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NABATÆANS:

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Semitic tribe or group of tribes which overran the ancient Edomite country and established a kingdom which extended from Damascus on the north to Hegra (Al-Hajr) on the south. Their power at one period was felt in central Arabia as far east as Al-Jauf. They also occupied the Sinaitic Peninsula. The capital of their kingdom was Petra, the Selah of the Old Testament (comp. II Kings xiv. 7). The Nabatæans were in possession of some of this country as early as 312 B.C.; for Antigonus, and afterward his son Demetrius, tried in vain to conquer them (Diodorus Siculus, ed. Dindorf, book xix., ch. xcv., xcvi., c.). At the time of the Maccabean struggle Judas and Jonathan, the sons of Mattathias, had relations with them (comp. I Macc. v. 25, ix. 35). It is probable that they had begun to overrun this country a century and a half earlier than this, and that they are alluded to in Malachi i. 2-4. Their occupation of Edom forced the Edomites up into southern Judah, causing the former inhabitants of Seir to occupy the Judean cities. It thus happened that in the Maccabean period Hebron was an Edomite city, the Judean border town on the south being Beth-zur.

Not Identical with Nebajoth.

It was formerly thought that the Nabatæans were identical with the Nebajoth of Gen. xxv. 13, and with the Na-ba-a-a-ti of the annals of Assurbanipal; but Glaser has shown ("Skizze der Gesch. und Geographie Arabiens," ii. 418 et seq.) that the two were distinct. The name of the Nabatæans was spelled with a ט; that of the Nebajoth, with a ה. According to R. Judah b. Hai the Nabatæans are to be identified with the Kadmonites of Gen. xv. 19 (Yer. Sheb. vi. 1).

A large number of inscriptions of the Nabatæans have been recovered (comp. "C. I. S." part 2, vol. i., pp. 183-486). They are written in the Aramaic language. The Nabatæans were, therefore, either of Aramaic extraction or Arabs who had come under Aramaic influence. Their inscriptions are for the most part funerary ones, and contain little historical material beyond the names of kings and the years of their reigns.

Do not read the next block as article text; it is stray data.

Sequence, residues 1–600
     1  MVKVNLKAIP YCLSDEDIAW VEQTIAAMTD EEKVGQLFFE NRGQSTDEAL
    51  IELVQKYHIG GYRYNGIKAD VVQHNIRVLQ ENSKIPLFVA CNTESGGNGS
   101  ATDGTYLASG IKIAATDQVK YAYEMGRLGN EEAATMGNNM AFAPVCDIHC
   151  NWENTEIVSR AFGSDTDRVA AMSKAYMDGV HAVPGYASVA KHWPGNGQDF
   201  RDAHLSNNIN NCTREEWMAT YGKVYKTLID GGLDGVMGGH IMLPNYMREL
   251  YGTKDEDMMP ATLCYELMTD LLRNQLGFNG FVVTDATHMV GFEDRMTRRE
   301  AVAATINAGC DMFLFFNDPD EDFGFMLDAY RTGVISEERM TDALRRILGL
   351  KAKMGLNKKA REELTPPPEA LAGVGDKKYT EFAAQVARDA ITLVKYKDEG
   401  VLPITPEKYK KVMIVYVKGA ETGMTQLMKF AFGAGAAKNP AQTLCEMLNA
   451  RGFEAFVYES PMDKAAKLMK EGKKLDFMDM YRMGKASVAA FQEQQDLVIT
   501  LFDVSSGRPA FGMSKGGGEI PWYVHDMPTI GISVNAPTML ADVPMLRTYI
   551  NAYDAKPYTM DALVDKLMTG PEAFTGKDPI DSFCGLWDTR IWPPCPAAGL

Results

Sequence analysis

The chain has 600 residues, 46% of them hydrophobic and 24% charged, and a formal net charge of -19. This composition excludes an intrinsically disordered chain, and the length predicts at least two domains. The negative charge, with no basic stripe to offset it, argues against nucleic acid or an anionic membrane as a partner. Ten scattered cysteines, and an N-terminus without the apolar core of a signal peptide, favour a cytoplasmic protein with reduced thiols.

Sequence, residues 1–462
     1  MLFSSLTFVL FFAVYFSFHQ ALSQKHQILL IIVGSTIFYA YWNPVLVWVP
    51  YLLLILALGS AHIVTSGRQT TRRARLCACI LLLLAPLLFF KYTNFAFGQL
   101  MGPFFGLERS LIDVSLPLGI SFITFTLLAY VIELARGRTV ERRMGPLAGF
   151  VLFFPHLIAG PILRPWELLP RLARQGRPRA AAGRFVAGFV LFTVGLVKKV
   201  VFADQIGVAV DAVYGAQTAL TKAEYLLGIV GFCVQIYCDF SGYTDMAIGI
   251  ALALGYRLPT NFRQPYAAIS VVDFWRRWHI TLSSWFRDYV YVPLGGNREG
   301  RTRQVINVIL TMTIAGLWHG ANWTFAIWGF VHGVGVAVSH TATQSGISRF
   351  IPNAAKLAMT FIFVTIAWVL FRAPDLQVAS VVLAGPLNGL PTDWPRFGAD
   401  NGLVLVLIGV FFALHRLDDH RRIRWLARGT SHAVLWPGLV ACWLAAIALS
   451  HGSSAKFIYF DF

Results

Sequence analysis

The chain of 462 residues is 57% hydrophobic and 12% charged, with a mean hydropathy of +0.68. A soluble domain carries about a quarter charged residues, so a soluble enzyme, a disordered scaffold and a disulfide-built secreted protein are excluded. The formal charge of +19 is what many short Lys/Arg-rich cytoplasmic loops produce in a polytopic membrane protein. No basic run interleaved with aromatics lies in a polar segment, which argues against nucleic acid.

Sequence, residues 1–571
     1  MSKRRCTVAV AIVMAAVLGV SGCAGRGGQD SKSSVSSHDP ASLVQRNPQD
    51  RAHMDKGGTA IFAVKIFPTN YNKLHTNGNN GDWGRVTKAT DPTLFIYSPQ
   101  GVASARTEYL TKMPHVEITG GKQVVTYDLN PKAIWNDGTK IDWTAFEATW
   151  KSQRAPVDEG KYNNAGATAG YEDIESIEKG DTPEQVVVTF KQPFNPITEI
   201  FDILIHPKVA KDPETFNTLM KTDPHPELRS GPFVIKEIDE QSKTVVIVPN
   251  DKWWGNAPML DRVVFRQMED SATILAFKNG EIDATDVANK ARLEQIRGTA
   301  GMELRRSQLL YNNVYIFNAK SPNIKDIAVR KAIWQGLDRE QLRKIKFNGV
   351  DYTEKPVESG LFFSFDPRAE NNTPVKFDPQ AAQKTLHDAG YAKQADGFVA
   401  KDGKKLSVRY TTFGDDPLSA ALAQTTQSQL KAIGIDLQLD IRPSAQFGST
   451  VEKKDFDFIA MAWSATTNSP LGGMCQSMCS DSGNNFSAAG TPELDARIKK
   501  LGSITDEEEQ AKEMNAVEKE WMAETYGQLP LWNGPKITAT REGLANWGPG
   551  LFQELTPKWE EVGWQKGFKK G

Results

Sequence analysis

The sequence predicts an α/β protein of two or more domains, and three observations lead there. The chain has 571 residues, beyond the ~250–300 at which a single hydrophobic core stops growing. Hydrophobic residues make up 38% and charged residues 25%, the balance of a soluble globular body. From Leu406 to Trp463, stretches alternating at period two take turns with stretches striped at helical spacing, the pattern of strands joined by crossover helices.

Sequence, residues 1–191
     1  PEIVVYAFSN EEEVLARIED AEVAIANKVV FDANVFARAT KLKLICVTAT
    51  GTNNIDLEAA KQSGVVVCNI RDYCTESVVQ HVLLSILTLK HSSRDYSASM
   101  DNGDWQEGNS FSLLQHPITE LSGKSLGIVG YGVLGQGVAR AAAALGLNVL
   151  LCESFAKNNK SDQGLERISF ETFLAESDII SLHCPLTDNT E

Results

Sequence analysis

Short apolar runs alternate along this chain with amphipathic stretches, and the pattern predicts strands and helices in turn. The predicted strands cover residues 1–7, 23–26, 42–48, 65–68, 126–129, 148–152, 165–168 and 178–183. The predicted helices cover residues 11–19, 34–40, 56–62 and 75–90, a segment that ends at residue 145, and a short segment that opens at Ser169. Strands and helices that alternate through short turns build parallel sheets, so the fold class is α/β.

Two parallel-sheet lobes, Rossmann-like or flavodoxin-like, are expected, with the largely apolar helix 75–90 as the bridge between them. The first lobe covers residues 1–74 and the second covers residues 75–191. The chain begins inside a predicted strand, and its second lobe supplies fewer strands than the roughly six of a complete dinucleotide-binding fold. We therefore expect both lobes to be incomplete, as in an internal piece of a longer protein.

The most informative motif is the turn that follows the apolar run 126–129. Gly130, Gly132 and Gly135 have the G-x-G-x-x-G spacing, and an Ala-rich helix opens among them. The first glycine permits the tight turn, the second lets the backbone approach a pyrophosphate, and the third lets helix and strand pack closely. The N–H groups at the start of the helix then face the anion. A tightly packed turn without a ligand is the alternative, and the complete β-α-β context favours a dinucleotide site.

The commerce of the Nabatæans was very important. Caravans passed from Egypt and Gaza through Petra to central Arabia and even to Babylonia. Many other avenues of trade were opened by them. Some idea of their commercial enterprise may be gained from the fact that a colony of Nabatæans established themselves at Puteoli, an Italian port, where they existed in sufficiently large numbers to erect and maintain for more than fifty years a temple to their native deity (comp. G. A. Cooke, "North Semitic Inscriptions," pp. 256 et seq.). For this trade a coinage was developed as early as the second century B.C. (comp. Head, "Historia Nummorum," pp. 685 et seq.). These coins bear the names of the following rulers: Malchus I. (Maliku), c. 145 B.C.; Obodas I. (Obodath), c. 97-85; Aretas III. (Haretath Melek Nabaṭu), c. 85-62; Obodas II. (Obodath Melek Nabaṭu); Aretas IV. (Haretath), 2-50 C.E.; Malchus III., 50-70; and Rabel, 70-95. Alexander Jannæus, Hasmonean king of Judea, took some trans-Jordanic cities from Obodas I. and struck coins in them.

During the early part of the first century B.C. the Nabatæans controlled the country from the Arnon to Damascus. During the latter part of that century they lost the Hauran and Peræa to Herod, though they retained a line of fortresses, like Salchah (Salchad) on the edge of the desert, as Aramaic inscriptions show. These fortresses connected their southern dominions with the region around Damascus, over which they still held a protectorate. In the time of Augustus the Nabatæan kingdom, like the Judean, became dependent on Rome. Most of the extant dated Nabatæan inscriptions come from Aretas IV., Malchus III., and Rabel, kings of this period. It was this Aretas (Haretath) whose daughter was divorced by Herod Antipas in favor of the beautiful Herodias (Josephus, "Ant." xviii. 5, § 1; Matt. xiv. 3 et seq.), and during whose rule Paul made his escape from Damascus (II Cor. xi. 32). As allies of the Romans the Nabatæans furnished aid to the army of Titus during the siege of Jerusalem (Josephus, l.c. xvii. 10, § 9).

Under Trajan the Romans terminated the Nabatæan kingdom, erecting the nearer portions of it into the Roman province of Arabia. Teima, Hegra, Al-Jauf, and other parts of the Nabatæan dominions in the interior of Arabia were then abandoned by the Romans.

Bibliography:
  • C. I. S. part 2, vol. i., pp. 183-486;
  • G. A. Cooke, North Semitic Inscriptions, 1903, pp. 214-262;
  • Head, Historia Nummorum, 1887, pp. 685, 686;
  • F. H. Vincent, Les Nabatéens, in Revue Biblique, 1898, pp. 567-588;
  • Mommsen, Provinces of the Roman Empire, 1887, pp. 160-171.
E. C. G. A. B.
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